Ramón Cáceres

Ramón Arturo Cáceres Vasquez (15 December 1866, Moca, Dominican Republic – 19 November 1911, Santo Domingo), nicknamed Mon Cáceres, was a Dominican politician and minister of the Armed Forces. He was the 31st president of the Dominican Republic (1906–1911). He served as vice president under Carlos Felipe Morales until assuming office in 1906. Cáceres was the leader of the right-wing Red Party.[1]

Ramón Cáceres
Ramón Cáceres 1910.jpg
Coat of arms of the Dominican Republic.svg 31st President of the Dominican Republic
In office
12 January 1906 – 19 November 1911
Preceded byCarlos Felipe Morales
Succeeded byCouncil of Secretaries of State
Coat of arms of the Dominican Republic.svg 18th Vice President of the Dominican Republic
In office
November 24, 1903 – December 29, 1905
Preceded byEugenio Deschamps Peña
Succeeded byPosition abolished
Personal details
Born(1866-12-15)December 15, 1866
Moca, Dominican Republic
DiedNovember 19, 1911(1911-11-19) (aged 44)
Santo Domingo, Dominican Republic
Political partyRed Party
SpouseNarcisa Ureña Valencia
ProfessionLawyer and Politician

Cáceres was assassinated in 1911 after being ambushed by rebels and killed in his car.[2] His death was followed by a civil war and, ultimately, by the U.S. occupation of the Dominican Republic in 1916.[3][4]

A metro station in Santo Domingo is named after him.

Early lifeEdit

Ramón Cáceres was born in the Cibao region in the town of Moca, Espaillat. His father was Manuel Cáceres, a former president of the Dominican Republic, and his mother was Remigia Vásquez. He participated in politics during his youth and studied law. Cáceres was known for his physical strength, as well as being a great horseman and an expert marksman.[5]

Political careerEdit

Cáceres participated in the execution of the president Ulises Heureaux (Lilís) on July 26, 1899 in the city of Moca. Cáceres later became the constitutional President of the Republic. During his mandate, the 1907 Dominican American Convention is signed. In 1907 he promulgated a new Constitution, by virtue of which he was re-elected in 1908.

From the beginning of his government, Cáceres, like his predecessors, had to face groups that sought to overthrow him. One of the most important guerilla outbreaks that occurred was that of the Northwest Line, led by the jimenista Desiderio Arias who maintained absolute control of the area. (Demetrio Rodríguez had fallen in Puerto Plata on January 3, 9 days before Cáceres officially assumed the Presidency on January 12, 1906). To deal with this situation, Cáceres moved to Monte Cristi with his troops and military advisers. It practically devastated that area, concentrating the food supply in certain places and ordering the transfer of livestock to the interior of the Cibao within 20 days. Part of the population submitted to the measures, while many others strongly opposed him. Agricultural and livestock activities were affected. However, President Cáceres managed to control the insurgents. He used the same methods in the southern region, managing to repress the leaders of that area.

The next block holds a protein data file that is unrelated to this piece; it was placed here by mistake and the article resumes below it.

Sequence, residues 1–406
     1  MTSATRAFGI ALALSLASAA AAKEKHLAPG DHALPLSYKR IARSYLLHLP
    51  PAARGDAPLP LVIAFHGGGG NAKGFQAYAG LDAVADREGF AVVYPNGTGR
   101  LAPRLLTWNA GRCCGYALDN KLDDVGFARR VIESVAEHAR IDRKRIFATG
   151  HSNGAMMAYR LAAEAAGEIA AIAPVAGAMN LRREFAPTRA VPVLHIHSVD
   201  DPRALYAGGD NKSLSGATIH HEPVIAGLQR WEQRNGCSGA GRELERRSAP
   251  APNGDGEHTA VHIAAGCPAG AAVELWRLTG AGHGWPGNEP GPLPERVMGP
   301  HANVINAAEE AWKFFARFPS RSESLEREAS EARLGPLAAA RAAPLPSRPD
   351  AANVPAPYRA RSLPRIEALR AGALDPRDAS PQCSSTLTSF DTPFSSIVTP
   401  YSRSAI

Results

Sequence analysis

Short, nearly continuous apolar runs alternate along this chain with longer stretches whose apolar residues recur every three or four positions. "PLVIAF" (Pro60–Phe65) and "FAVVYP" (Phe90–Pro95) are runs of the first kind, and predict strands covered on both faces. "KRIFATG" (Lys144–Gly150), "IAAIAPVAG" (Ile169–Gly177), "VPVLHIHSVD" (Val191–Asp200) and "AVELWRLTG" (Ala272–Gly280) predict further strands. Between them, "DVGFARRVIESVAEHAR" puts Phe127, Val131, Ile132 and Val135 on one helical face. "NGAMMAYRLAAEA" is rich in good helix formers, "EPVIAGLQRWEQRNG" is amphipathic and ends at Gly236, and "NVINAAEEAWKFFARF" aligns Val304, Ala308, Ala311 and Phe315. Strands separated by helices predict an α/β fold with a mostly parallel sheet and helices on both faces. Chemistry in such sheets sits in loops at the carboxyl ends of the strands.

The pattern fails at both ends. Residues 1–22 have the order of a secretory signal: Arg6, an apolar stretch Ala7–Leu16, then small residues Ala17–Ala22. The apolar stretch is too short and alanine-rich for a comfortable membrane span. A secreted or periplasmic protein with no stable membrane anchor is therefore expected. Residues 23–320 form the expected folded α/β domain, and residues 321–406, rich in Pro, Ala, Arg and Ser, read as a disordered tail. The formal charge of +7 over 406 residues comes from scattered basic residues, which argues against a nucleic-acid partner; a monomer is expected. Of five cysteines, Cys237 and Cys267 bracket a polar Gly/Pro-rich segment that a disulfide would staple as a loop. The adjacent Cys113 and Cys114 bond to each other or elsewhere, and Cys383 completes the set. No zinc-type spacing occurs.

One of the tactics used by Cáceres was to send emissaries to the places where the regional leaders were most powerful, with the instruction that they meet in a neutral place to achieve a peace agreement. This meeting was a trap, the opposing leaders, present there, were finally surrounded by the army and eliminated from the road. During Cáceres's mandate, great importance was given to military affairs. He created a professional army to replace the private armies that led various regional leaders. Along with this army, he reorganized the Rural Guard created during the Morales government and turned it into a police force for the entire country, calling it the Republican Guard, also popularly called the Mon Guard. It was characterized because it imposed its authority and was faithful to the President.

Because there were many sectors that did not support his government, various plots were formed against him, and on November 19, 1911, a group led by Luis Tejera intercepted the car in which he used to ride with one of his women. When the car in which Ramón Cáceres was driving approached the group, there was a shooting. President Cáceres was shot several times and killed by the General Luís Tejera, who was later taken to the Ozama Fortress where he was executed.

See alsoEdit

Los Coludos


  1. ^ Soto Jimenez, Jose Miguel (2008-11-14). "El bipartidismo histórico en RD" (in Spanish). Listin Diario. Archived from the original on 2011-07-07. Retrieved 2010-12-23.
  2. ^ "Camino a la intervención norteamericana" (in Spanish). Fundacion Global. Retrieved 2010-12-23.
  3. ^ "GEN. HEUREAUX IS ASSASSINATED; President of San Domingo Slain by Ramon Caceres. MURDERER BEING PURSUED Situation in the Republic Is at Present Tranquil. A Number of Previous Attempts to Kill Heureaux -- He Had Become Unpopular with Many Dominicans", NEW YORK TIMES 27. Juli 1899
  4. ^ "SANTO DOMINGAN PRESIDENT SLAIN; Ramon Caceres, Shot in a Stable, Dies in the American Legation There", NEW YORK TIMES 21. November 1911
  5. ^ "Después de la muerte de Ulises Heureaux (Lilís)".
  • Selden Rodman, Quisqueya: A History of the Dominican Republic (1964), pp. 102–127.
Political offices
Preceded by
Eugenio Deschamps Peña
President of the Dominican Republic
Succeeded by
Position abolished
Preceded by President of the Dominican Republic
Succeeded by
Council of Secretaries of State